# Abstract Nonsense

## Sylow’s Theorems Revisited

Point of Post: In this post we give a more refined proof of Sylow’s Theorems.

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Motivation

On this blog I have given a proof of Sylow’s theorems and an alternate proof of Sylow’s first theorem. A year or so later, with more time, and more finesse I’d like to give the simplest, most coherent proof of Sylow’s theorems.

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Sylow’s Theorems

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We assume all the notations such as $\text{Syl}_p(G)$ being the set of Sylow $p$-subgroups of $G$ and $n_p=\#(\text{Syl}_p(G))$,etc. are known to the reader:

Theorem (Sylow): Let $G$ be a finite group with $|G|=p^kn$ where $(n,p)=1$, then:

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\begin{aligned}&\;\;\;(I)\quad \textit{If }p^m\mid |G|\textit{ for some prime }p\textit{ then }G\textit{ contains a subgroup }H\textit{ of order }p^m\\ &\;(II)\quad \textit{If }Q\textit{ is a }p\textit{-subgroup of }G\textit{ and }P\in\text{Syl}_p(G)\textit{ then }Q\leqslant gPg^{-1}\textit{ for some }P\in\text{Syl}_p(G),\\ &\quad\quad\quad\textit{in particular, any two elements of }\text{Syl}_p(G)\textit{ are conjugate}\\ &(III)\quad n_p=\left[G:N_G(P)\right]\textit{ for any }P\in\text{Syl}_p(G)\textit{ and }n_p\equiv 1\text{ mod }p\end{aligned}

Proof:

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$(I):$ We construct such a group inductively. Evidently if $m=0$ then we may take the trivial group. Suppose then that we have found a subgroup $H$ of $|G|$ with $|H|=p^m$ for $m. We know then that $p\mid \left[G:H\right]$ and so by a previous theorem we have that $p\mid \left[N_G(H):H\right]$. Thus, by Cauchy’s Theorem there exists $xH\in N_G(H)/H$ with $|\langle xH\rangle|=p$. By the fourth isomorphism theorem we know that $\langle xH\rangle=K/H$ for some $H\leqslant K\leqslant N_G(H)$ and so, in particular, we have that $|K|=|\langle xH\rangle||H|=p^{m+1}$. As stated, from this we may construct subgroups $H_0,\cdots,H_k$ of $G$ with $|H_k|=p^k$.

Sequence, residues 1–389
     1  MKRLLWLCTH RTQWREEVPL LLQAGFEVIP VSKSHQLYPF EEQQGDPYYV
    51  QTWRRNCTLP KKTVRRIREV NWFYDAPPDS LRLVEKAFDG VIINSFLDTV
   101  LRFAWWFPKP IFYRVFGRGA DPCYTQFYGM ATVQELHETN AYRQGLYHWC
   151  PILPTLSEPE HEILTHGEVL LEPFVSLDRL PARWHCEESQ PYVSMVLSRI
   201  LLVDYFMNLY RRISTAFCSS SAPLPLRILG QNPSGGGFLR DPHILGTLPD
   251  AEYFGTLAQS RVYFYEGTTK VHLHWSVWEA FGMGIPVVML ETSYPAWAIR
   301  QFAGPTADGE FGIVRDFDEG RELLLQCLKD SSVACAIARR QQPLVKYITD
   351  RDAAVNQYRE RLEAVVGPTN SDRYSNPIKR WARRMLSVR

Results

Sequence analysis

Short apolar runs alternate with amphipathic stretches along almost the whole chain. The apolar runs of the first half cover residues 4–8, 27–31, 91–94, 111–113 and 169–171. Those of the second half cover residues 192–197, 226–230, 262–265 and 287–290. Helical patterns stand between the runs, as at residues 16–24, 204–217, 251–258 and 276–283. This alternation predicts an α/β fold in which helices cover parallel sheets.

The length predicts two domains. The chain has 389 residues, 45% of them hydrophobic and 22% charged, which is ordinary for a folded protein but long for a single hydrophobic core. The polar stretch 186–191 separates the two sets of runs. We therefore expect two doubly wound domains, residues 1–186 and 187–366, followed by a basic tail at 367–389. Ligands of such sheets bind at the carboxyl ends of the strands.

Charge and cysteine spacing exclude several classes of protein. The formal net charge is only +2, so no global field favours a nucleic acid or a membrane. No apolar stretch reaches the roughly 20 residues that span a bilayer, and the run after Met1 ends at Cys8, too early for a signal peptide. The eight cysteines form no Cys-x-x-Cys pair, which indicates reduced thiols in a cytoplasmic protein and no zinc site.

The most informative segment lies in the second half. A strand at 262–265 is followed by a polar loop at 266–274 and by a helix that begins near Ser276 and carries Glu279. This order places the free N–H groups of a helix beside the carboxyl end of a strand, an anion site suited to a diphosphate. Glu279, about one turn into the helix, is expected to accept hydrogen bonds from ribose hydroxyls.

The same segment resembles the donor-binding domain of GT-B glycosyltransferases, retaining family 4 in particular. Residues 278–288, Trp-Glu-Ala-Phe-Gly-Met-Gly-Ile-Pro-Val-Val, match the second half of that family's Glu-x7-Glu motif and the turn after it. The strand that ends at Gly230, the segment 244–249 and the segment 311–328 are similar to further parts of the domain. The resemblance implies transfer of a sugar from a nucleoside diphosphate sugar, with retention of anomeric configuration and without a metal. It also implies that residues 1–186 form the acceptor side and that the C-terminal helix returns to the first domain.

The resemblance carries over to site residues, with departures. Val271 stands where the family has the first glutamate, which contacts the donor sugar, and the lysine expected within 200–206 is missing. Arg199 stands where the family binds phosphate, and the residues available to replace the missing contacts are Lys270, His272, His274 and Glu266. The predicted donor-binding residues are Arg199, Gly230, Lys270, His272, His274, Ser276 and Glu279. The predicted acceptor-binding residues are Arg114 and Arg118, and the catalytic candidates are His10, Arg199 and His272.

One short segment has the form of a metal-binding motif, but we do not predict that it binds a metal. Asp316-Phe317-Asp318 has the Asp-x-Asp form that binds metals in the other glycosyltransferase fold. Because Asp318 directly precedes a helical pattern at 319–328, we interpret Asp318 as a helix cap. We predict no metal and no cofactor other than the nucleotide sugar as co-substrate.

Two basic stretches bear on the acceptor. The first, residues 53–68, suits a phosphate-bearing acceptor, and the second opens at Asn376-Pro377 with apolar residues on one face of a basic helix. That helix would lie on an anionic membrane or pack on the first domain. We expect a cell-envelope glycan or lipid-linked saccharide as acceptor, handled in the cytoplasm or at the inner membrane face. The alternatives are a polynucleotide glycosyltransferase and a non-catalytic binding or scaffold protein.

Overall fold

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$(II):$ Let $Q$ act on $X=G/P$ by left multiplication. Since $Q$ is a $p$-group we have by the ‘fundamental theorem’ that $\#(X)\equiv \#(X^Q)\text{ mod }p$. That said, since $p\nmid \#(X)$ we have in particular that $p\nmid \#(X^Q)$ and so $X^Q$ is non-empty. So, let $xP\in X^Q$ then $qxP=xP$ for all $q\in Q$ and so $x^{-1}qx\in P$ for all $q\in Q$, or equivalently $x^{-1}Qx\subseteq P$. Thus, $Q\subseteq xPx^{-1}$. In particular, if $Q\in\text{Syl}_p(G)$ we have that $|Q|=|xPx^{-1}|$ and so $Q=xPx^{-1}$.

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$(III):$ Let $G$ act on $\text{Syl}_p(G)$ by conjugation. By $(II)$ we know that this action is transitive. In particular, we have that $n_p=\left[G:\text{stab}(P)\right]$ for any $P\in\text{Syl}_p(G)$. That said, we note by definition that $\text{stab}(P)=N_G(P)$ and so $n_p=\left[G:N_G(P)\right]$.

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For the second part of the statement we let $P\in\text{Syl}_p(G)$ act on $\text{Syl}_p(G)=X$ by conjugation. By the ‘fundamental theorem’ we know that $\#(X)\equiv \#(X^P)\text{ mod }P$. What we claim though is that $X^P=\{P\}$. Indeed, it’s evident that $P\in X^P$, and so now assume that $Q\in X^P$. We have then that $P\subseteq N_G(Q)$ and so $PQ\leqslant G$, but we know that

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$\displaystyle |PQ|=\frac{|P||Q|}{|P\cap Q|}=\frac{p^{2k}}{|P\cap Q|}$

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and since $|PQ|\mid |G|$ and $p^k$ is the maximal power of $p$ dividing $|G|$ we may conclude that $|P\cap Q|=p^k$ and so $P=Q$. Thus, $\#(X)\equiv \#(X^Q)=1\text{ mod }p$. Noting then that $\#(X)=n_p$ completes the proof.

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References:

1. Isaacs, I. Martin. Finite Group Theory. Providence, RI: American Mathematical Society, 2008. Print.

2. Dummit, David Steven., and Richard M. Foote. Abstract Algebra. Hoboken, NJ: Wiley, 2004. Print.

September 20, 2011 -

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